Arthritis in the Feet
Rheumatoid arthritis, gout and osteoarthritis are more commonly known types of arthritis, however there are many other types of arthritis. The bones in the joint along with the soft tissues around the joints such as cartilage, joint capsule, ligaments and tendons become inflamed and painful.
The cause of this joint inflammation can be due to
- Ageing process
- Trauma from occupational or sporting activities
- Abnormal metabolic processes in the body
- Inherit certain types of arthritis from one your parents or grandparents
Osteoarthritis is caused by wear and tear over a life time. This is a progressive degenerative disease. Women are affected more than men. Osteoarthritis is caused by a thinning of the cartilage covering the bone ends in the joint. This is an on going process until you start to notice the pain of your bones rubbing together.
Rheumatoid arthritis is a common type of arthritis that occurs more frequently in women as compared to men.
The cause of Rheumatoid arthritis is thought to be auto- immune. This disease process causes the body’s own immune system to attack the soft tissues around the joint. The synovial tissues around the joint are attacked resulting in bone destruction and a loss of joint lubrication. The synovial tissues produce lubrication for the joint. The result is the joint becomes stiff and very painful and inflamed. This creates limited mobility and movement especially if this occurs in the foot joints.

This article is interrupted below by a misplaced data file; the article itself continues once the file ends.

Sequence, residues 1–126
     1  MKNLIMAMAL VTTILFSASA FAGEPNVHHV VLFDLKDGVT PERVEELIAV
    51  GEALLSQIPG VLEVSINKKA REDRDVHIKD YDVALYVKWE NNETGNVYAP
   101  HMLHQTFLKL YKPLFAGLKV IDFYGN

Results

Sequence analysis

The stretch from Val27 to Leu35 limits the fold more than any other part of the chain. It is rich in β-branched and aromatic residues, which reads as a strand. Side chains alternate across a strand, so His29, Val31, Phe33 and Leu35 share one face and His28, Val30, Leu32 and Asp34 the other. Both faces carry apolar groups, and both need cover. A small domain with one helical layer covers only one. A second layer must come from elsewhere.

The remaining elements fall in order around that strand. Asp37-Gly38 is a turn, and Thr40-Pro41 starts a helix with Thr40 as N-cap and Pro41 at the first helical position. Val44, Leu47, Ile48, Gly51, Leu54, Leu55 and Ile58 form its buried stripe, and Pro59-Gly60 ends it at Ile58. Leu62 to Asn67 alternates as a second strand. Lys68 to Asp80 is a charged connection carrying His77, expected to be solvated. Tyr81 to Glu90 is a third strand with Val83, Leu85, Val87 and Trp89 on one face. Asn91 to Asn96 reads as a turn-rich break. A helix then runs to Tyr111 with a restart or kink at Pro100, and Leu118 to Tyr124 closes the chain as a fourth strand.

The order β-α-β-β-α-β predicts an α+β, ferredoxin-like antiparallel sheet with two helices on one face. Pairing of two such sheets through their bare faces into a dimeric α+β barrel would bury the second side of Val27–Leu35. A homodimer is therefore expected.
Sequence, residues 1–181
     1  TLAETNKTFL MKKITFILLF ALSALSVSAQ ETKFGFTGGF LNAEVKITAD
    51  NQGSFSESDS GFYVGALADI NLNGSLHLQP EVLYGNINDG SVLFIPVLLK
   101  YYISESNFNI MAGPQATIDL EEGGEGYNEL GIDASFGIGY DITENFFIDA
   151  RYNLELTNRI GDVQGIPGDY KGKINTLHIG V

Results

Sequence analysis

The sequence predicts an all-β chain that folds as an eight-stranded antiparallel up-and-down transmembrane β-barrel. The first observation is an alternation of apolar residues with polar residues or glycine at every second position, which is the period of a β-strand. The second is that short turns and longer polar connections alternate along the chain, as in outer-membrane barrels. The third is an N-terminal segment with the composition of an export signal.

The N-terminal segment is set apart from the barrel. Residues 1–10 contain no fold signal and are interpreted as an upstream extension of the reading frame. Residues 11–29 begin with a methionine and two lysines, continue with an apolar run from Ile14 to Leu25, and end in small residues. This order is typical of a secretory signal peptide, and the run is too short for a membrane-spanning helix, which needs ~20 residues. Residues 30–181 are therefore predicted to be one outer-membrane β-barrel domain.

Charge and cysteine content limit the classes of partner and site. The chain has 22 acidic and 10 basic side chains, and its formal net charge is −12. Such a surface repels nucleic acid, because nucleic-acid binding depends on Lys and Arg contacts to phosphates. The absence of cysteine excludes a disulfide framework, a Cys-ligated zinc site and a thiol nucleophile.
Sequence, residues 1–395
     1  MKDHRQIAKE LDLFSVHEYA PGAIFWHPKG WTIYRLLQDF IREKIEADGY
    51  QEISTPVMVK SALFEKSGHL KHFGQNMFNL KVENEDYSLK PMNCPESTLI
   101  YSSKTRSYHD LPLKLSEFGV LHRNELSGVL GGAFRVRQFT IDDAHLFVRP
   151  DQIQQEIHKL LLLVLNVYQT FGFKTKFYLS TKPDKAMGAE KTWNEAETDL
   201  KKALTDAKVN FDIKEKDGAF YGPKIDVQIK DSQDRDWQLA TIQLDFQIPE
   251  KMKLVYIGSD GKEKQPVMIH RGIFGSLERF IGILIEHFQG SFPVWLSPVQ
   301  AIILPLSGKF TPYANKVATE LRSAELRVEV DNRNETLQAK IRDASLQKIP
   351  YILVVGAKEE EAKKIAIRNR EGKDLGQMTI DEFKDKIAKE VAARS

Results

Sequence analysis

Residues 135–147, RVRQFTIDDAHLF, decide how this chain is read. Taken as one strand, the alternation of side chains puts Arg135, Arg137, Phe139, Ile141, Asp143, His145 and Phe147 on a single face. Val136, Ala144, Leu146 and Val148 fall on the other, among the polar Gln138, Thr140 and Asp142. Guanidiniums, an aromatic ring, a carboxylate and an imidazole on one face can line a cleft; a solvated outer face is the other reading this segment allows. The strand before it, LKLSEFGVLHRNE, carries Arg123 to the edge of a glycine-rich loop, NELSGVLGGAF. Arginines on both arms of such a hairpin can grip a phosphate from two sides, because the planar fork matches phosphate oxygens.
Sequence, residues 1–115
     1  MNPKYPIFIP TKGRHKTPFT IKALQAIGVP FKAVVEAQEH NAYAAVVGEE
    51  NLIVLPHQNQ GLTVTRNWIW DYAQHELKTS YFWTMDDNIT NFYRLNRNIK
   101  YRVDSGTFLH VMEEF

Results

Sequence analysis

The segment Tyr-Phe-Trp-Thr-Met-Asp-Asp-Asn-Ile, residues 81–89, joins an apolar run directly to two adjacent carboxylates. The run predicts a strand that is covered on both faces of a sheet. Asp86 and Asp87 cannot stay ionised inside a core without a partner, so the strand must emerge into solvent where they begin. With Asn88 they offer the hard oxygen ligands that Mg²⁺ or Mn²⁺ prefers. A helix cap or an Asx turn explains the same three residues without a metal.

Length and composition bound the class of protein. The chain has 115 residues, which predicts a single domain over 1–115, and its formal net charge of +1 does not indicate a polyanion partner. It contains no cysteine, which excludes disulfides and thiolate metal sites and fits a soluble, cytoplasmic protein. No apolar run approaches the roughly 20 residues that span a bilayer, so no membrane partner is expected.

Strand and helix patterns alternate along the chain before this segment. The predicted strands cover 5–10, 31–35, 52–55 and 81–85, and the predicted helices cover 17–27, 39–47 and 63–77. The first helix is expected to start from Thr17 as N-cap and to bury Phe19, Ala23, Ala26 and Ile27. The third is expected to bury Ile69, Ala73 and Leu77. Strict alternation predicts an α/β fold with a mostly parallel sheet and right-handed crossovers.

Gout is a frequently mentioned disease in historical texts including the bible. Gout is caused by a build up of uric acid crystals in the fluid of the joint spaces and tissues throughout the body.
Uric acid is a breakdown product that forms after the body digests and metabolizes the foods we eat. Some people inherit an abnormality in the body’s ability to process uric acid and this inability by the body to handle uric acid will lead to painful attacks in the joints and elsewhere in the body.
For further information
Please email us on firstname.lastname@example.org or to book an appointment call: 01202 528 942